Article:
Densho Digital Archive
Manzanar National Historic Site Collection
Title: James T. Johnston - William R. Johnston - Dorothy J. Whitlock Interview
Narrators: James T. Johnston, William R. Johnston, Dorothy J. Whitlock
Interviewer: Kristen Luetkemeier
Location: Sedona, Arizona
Date: April 16, 2012
Densho ID: denshovh-jjames_g-01-0025

<Begin Segment 25>

KL: Have you talked with your kids, or have they asked you about your time at Rohwer or at Dyess Colony for that matter?

JJ: My middle son got really interested in it. He got online, and he's dug up more history in about a year than I have in my whole life, thinking back about it. But he just really got into it.

DW: Yeah, he's really the one I know of, of all the kids...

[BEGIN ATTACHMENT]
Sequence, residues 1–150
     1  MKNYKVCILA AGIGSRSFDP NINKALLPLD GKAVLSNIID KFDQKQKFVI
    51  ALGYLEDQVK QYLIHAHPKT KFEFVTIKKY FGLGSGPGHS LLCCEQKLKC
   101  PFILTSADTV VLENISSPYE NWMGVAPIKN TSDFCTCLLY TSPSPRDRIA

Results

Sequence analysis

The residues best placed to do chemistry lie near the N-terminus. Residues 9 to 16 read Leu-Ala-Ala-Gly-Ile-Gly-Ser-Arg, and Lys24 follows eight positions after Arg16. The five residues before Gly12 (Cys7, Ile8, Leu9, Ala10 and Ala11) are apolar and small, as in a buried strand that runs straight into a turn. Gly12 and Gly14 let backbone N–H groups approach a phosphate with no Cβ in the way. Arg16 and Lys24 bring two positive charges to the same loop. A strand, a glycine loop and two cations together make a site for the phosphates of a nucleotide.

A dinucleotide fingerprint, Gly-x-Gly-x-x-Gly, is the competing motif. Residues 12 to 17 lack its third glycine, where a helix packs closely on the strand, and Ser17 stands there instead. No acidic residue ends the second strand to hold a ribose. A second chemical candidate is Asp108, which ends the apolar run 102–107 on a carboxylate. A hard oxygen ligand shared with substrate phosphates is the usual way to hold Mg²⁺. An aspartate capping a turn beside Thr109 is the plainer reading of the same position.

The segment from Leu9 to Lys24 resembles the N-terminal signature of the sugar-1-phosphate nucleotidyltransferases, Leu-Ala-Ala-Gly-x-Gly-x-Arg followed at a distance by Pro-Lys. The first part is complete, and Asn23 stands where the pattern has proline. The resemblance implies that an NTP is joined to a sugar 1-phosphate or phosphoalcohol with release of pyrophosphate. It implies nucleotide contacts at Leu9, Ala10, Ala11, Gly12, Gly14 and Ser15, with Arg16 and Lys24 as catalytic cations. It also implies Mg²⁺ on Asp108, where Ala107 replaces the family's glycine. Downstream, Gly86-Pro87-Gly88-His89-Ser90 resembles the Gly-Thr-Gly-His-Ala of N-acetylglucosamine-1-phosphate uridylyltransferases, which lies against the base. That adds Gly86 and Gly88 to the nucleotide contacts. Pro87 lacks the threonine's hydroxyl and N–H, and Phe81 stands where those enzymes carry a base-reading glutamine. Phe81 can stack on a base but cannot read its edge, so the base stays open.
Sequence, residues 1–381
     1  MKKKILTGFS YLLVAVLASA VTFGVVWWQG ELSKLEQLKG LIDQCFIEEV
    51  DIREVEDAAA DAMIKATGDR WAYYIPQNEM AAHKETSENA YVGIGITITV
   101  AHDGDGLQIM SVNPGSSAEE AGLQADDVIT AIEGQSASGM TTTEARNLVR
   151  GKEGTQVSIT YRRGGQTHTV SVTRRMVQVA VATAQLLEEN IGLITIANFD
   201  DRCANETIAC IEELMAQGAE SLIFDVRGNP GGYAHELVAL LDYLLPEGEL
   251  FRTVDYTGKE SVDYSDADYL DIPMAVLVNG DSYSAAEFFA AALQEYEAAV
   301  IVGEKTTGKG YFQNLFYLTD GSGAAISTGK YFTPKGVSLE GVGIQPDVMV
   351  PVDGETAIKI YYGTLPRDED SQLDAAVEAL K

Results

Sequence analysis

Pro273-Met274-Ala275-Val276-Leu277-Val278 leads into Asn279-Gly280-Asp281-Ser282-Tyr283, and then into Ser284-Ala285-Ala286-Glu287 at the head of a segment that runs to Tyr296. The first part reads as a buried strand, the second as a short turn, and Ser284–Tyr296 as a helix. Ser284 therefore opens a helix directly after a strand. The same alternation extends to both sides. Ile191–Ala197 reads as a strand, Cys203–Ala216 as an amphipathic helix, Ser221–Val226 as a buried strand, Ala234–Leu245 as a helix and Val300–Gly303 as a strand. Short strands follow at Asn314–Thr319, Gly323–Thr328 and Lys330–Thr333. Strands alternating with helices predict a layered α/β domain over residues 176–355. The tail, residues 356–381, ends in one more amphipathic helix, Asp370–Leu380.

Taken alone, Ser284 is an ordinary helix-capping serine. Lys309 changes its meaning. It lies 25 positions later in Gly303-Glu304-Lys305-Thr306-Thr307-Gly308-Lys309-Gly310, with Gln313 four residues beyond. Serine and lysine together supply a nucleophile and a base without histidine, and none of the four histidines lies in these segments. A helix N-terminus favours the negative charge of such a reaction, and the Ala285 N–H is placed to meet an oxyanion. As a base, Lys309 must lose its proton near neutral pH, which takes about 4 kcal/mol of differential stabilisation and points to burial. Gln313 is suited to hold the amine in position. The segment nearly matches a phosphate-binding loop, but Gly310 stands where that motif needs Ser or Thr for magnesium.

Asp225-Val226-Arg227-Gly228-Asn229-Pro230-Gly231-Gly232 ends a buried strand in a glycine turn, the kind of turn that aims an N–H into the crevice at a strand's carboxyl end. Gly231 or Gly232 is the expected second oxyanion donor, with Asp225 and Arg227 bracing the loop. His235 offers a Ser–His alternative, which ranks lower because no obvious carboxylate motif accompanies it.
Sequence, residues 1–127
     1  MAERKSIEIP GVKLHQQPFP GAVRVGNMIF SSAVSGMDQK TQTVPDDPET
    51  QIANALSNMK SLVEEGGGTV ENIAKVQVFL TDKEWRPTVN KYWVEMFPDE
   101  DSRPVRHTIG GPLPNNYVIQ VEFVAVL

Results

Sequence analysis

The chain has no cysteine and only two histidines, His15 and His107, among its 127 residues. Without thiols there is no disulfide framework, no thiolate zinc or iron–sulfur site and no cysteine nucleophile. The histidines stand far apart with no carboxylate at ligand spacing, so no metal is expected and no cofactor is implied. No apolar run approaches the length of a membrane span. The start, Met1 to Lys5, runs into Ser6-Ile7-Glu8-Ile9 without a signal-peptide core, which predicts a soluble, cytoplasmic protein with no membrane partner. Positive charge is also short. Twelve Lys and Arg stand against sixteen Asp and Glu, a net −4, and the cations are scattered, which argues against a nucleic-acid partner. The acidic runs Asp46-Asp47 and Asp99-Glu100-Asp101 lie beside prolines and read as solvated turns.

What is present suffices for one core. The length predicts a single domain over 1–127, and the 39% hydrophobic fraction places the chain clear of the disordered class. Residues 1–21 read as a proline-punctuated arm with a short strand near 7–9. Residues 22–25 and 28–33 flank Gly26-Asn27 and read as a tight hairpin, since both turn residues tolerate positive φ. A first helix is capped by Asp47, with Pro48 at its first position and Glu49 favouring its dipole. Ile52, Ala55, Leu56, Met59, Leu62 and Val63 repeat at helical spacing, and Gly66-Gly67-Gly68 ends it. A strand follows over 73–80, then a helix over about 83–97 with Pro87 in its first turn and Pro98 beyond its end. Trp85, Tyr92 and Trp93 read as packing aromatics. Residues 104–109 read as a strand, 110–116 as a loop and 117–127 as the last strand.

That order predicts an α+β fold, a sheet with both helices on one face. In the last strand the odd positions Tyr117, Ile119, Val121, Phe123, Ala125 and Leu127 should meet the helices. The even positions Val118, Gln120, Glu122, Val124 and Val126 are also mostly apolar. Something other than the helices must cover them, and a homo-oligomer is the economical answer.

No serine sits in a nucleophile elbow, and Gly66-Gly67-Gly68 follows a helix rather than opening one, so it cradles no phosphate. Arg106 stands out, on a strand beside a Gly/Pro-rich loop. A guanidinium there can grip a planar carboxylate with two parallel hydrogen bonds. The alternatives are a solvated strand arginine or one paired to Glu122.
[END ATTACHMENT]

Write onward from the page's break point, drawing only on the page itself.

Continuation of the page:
JJ: Yeah, my other two kids, they were of casual interest to talk about it, but had no intent to get deeply into it like John has. And he's still online messing with it all the time.

KL: Is he in Arkansas?

JJ: Yes, he lives in Marion where I live.

WJ: My son has just kind of casual interest, and my grandson, maybe not even as casual as he is. They don't seem to attach much...

DW: You know, here's what happens. If you bring it up around... well, my grandkids, the older ones, are thirty-two this year. They will have a glimmer, but some of the other ones, they don't even really know much about the whole, that there was a relocation camp. But if they have a little glimmer, they like to hear about it, because it's like a foreign country or something.

WJ: One of the things that interests me a lot when Nita and I are traveling, we tend to have a fire and then we tend to have them come.